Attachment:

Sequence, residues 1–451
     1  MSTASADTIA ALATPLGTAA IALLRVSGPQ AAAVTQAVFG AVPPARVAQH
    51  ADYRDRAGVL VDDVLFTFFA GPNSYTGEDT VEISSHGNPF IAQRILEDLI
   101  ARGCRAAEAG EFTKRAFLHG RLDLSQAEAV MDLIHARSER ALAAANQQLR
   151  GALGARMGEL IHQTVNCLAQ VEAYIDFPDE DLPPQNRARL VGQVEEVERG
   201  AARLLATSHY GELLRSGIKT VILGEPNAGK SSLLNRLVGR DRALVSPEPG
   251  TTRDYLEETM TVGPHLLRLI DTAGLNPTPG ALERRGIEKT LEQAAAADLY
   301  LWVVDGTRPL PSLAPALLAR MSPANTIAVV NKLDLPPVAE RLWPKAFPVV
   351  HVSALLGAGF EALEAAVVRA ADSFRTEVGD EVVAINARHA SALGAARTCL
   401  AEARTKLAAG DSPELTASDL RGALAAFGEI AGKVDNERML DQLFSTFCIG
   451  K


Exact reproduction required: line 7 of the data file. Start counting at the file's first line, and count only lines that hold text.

   251  TTRDYLEETM TVGPHLLRLI DTAGLNPTPG ALERRGIEKT LEQAAAADLY